Monday, March 23, 2015

1996 - Secrets and Lies

After an early morning trip to the airport, Kat and Charlie are back home, with my in-laws in tow. As everyone attempts to recover from their jet lag - and at 13 months, Charlie doesn't know if it's day or night, the poor little guy - I managed to write up my thoughts on the last film of this year of review.

Our final contender for the 1996 Best Picture prize is...

Secrets and Lies
Mike Leigh
Mike Leigh
Timothy Spall, Brenda Blethyn, Phyllis Logan, Marianne Jean-Baptiste, Claire Rushbrook
Academy Awards:
5 nominations
0 wins

After her adopted mother passes away, London optometrist Hortense Cumberbatch (Jean-Baptiste) - probably not related to Benedict - decides to track down her birth mother. As a black woman, she is understandably surprised to discover that her mother is Cynthia Purley (Blethyn), a white woman who, despite a good heart, has the smarts and social graces of a small puppy. Cynthia and Hortense slowly develop a camaraderie but Cynthia baulks at introducing Hortense to her other daughter, Roxanne (Rushbrook), an ungrateful council worker. Eventually, however, Cynthia invites Hortense to a family gathering, hosted by her somewhat estranged brother, portrait photographer Maurice (Spall), and his wife Monica (Logan). It is at this soiree that the dysfunctional family's secrets and lies are finally exposed.

At first, Secrets and Lies comes across a little like a soap opera, and given the title, that's perhaps appropriate. The secrets and lies in this family are indeed of soap opera quality: life-changing and nothing less. But once you accept each character's predicament, the shades of soap opera fade away and you're left with quite an emotional ride. Writer/director Mike Leigh allows his audience to really absorb these people's lives by keeping an easy pace and often utilising lengthy and static shots in which the action (or mere dialogue, as the case may be) plays out in all its voyeuristic glory. The outdoor barbecue scene is particularly fascinating. There's tension, sure, which has been set up by the prior circumstances, but for the most part, the scene is just a seeming melange of very real and mundane conversations. It's captivating fly-on-the-wall stuff.

Due to the single-shot style, the entire picture would fall apart if the actors weren't engaging, but thankfully, the ensemble here is genuinely superb, working very well off each other. At the centre is a beautifully subdued performance by Timothy Spall (pictured), who many will recognise as Peter Pettigrew, but I first noticed him in a sarcastically memorable guest role in BBC's sci-fi sitcom Red Dwarf, clearly showing his comedic chops are on par with his dramatic ability. As a woman trying to get some answers, Marianne Jean-Baptiste is intelligent and vulnerable, earning herself a Best Supporting Actress nod in the process. And yes, that's Downton Abbey's Mrs. Hughes, Phyllis Logan, turning in a strong performance as Spall's uptight wife. Stealing the show, though, is Brenda Blethyn with a powerhouse portrayal that could so easily have fallen into caricature. Cynthia is larger than life, for sure, but Blethyn roots her in reality, wearing her emotions on her sleeve. Secrets and Lies also received nominations for Mike Leigh's direction and screenplay, but sadly, the film walked away without any Oscars at all.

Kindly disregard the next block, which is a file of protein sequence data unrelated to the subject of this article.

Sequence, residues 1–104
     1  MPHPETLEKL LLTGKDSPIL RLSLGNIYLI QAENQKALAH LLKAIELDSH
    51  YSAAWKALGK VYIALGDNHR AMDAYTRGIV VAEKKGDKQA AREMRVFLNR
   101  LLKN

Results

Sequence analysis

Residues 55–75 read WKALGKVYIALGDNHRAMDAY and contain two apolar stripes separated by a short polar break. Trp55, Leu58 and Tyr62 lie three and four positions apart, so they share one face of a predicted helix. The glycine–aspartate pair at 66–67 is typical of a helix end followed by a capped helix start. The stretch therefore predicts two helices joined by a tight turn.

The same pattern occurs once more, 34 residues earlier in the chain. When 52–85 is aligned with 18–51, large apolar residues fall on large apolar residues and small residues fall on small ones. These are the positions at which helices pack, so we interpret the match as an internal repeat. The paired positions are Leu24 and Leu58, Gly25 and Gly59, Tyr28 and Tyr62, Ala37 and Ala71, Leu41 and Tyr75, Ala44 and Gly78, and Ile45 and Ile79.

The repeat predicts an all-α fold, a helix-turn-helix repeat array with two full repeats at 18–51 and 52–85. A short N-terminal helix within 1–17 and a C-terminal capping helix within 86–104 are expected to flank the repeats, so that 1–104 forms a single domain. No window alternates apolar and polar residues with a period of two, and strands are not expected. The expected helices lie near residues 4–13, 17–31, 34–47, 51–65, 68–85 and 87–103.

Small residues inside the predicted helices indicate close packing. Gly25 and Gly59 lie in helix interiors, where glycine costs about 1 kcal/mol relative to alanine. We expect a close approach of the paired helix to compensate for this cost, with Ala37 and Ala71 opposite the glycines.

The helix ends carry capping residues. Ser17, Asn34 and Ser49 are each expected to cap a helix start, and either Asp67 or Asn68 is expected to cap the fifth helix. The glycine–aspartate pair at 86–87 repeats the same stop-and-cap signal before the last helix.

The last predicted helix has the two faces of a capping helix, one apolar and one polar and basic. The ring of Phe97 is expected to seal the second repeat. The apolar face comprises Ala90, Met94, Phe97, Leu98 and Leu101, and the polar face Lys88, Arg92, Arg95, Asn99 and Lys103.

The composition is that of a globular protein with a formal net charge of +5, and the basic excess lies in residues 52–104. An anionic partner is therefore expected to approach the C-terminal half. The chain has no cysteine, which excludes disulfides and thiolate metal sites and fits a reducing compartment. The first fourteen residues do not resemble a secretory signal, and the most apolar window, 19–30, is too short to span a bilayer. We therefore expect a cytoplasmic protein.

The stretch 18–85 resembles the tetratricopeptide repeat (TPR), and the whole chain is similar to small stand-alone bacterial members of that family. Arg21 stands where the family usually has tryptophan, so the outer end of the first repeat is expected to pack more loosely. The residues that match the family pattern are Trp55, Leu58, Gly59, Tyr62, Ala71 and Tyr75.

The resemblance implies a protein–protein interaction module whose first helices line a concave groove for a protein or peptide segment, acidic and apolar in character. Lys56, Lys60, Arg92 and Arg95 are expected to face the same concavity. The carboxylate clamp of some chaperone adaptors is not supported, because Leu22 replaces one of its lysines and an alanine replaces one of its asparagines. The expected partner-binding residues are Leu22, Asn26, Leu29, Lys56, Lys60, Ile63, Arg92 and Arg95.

1. I think Secrets & Lies is my favorite Mike Leigh film, and I've seen about eight of them. He seems to be your kind of director, Matt. Apparently he only gives the actors the details of their character, and not any of the others. Dialogue is primarily improvised. As an actor with improv experience, could you tell? It all seems so natural to me. IMDB mentioned that the scene where Brenda Blethyn meets her character's daughter for the first time, she had not previously seen Marianne Jean-Baptiste and had no idea she was black. Everyone was spot on, and I had forgotten that "Mrs. Hughes" was in it. His most frequently used performer, Leslie Manville was exceptional in her one scene as the social worker.

  2. It's interesting because I remember hearing about the improvised thing when I first saw Secrets & Lies almost 20 years ago, but this time around it struck me that it probably was more scripted than I originally thought. Still very natural, but there were subtle things that made it seem to me like written dialogue. From interviews with Mike Leigh, I think the misunderstanding is that when he says the film was improvised, he's referring to his rehearsal process. He gathers the actors together for a lengthy rehearsal period (which, in itself, is unusual for film) and then the story and dialogue are improvised as the actors play around with the characters Leigh has given them. But by the time filming begins, there's probably a proper script, although I'm sure there's still plenty of on-camera paraphrasing to keep it natural. And none of this takes away from the feat of it all. The whole process is incredibly unique and creative.

    I also think the story about Blethyn and Jean-Baptiste not meeting until they shot that scene is a bit dubious, only because of the logistics involved in shooting a film, particularly a scene shot on location in a public place. But perhaps Mike Leigh orchestrated their first meeting on the day they had to rehearse that scene, so the story may not be an entire fabrication.

  3. Thanks for clearing that up. You are right. I do remember reading about his rehearsals. With five Screenplay nominations, his authorship is surely validated. I've enjoyed seeing Marianne Jean-Baptiste as the defense attorney (barrister?) on the current Broadchurch series.